Back in January of this year, the well-known Caucasus expert Thomas de Waal wrote the following:
Present-day Georgia, as with Russia, is basically a one-party state in which a small group of elites control the executive, parliament, all regional authorities and the three national television channels [bold mine-DL]. The judiciary is less than free. The dark side of Georgia’s campaign against corruption and criminality is that it has empowered a large and unaccountable police force. The country’s prisons are bursting with many inmates who should not be there; in 2011, Georgia ranked fourth in the world in the number of prisoners per capita [bold mine-DL].
Until recently, the governing elite has not faced serious opposition and was cruising toward victory in parliamentary and presidential elections scheduled for later this year and next January, respectively. Last year, however, it faced an unexpected challenge when popular Georgian billionaire Bidzina Ivanishvili announced he was going into opposition politics. His demarche mobilized a large segment of Georgians who are tired of the current administration’s economic policies and domination of the political scene.
Because of the prison abuse scandal in Georgia, even more Georgians turned against the domination of their country’s political scene by Saakashvili and their party. Had it not been for the effect of that scandal, it is uncertain whether the opposition could have won a majority in parliament. In other words, had it not been for a massive backlash against major abuses under Saakashvili and his ministers, including torture, it is hard to imagine how the opposition would have been able to win. The “dark side” to which de Waal refers in his article came to light in the videos showing prisoner abuse and torture, and the prison scandal was the natural product of the abusive system over which Saakashvili and his allies presided.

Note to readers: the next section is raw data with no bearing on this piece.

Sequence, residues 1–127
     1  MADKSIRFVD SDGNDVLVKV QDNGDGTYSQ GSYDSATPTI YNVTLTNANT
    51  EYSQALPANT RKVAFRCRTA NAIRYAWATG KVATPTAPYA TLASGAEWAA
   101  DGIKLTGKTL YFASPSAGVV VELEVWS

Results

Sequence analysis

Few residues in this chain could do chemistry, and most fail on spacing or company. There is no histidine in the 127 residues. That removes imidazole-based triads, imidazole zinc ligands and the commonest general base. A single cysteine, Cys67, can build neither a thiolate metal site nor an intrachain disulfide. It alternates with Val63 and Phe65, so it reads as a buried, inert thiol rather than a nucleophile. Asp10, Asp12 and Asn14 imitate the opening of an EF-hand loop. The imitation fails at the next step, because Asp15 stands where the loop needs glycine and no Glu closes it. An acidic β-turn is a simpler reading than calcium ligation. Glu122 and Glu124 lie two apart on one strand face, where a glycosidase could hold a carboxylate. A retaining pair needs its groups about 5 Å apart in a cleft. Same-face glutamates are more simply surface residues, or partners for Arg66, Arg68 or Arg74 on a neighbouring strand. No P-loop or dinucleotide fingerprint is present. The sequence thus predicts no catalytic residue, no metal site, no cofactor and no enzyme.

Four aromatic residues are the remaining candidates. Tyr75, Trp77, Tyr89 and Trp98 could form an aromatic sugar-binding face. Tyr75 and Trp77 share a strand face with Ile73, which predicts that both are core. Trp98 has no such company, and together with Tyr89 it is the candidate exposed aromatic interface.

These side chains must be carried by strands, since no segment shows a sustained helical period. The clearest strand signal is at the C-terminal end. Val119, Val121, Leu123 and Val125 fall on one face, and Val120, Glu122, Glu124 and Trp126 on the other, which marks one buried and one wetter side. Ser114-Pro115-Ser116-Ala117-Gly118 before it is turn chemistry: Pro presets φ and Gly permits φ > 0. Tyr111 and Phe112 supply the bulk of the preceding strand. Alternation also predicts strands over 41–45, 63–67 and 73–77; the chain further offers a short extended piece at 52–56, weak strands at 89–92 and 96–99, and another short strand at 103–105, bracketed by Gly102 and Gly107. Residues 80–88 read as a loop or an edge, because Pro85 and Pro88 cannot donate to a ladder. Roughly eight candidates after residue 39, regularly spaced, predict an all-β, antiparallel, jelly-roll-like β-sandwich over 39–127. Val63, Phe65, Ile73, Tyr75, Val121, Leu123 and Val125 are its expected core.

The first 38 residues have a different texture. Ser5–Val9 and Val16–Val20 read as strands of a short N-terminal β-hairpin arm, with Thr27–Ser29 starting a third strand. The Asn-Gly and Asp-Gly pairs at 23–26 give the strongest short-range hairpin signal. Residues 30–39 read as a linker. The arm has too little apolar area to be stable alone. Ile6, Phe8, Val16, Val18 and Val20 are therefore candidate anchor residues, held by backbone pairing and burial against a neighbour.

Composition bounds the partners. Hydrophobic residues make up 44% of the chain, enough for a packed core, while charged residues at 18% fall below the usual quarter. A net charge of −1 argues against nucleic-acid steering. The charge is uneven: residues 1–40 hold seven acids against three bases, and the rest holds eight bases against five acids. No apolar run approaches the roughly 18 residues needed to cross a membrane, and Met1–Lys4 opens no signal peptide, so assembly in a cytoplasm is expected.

Saakashvili deserves some credit that he conceded defeat after his party was overwhelmingly repudiated, but it doesn’t change the reality that his party was repudiated because it had been concentrating power in the hands of its members while making the Georgian government more illiberal and abusive rather than less. If it had not been for significant outside pressure and international scrutiny of the election, it is possible that the worst fears of Saakashvili’s critics might have come true. Fortunately for Georgia, that didn’t happen, but it was reasonable to think that it could. Georgia now has a chance to break with this pattern of a one-party state, and that wouldn’t have been possible if Saakashvili’s party had prevailed in this election.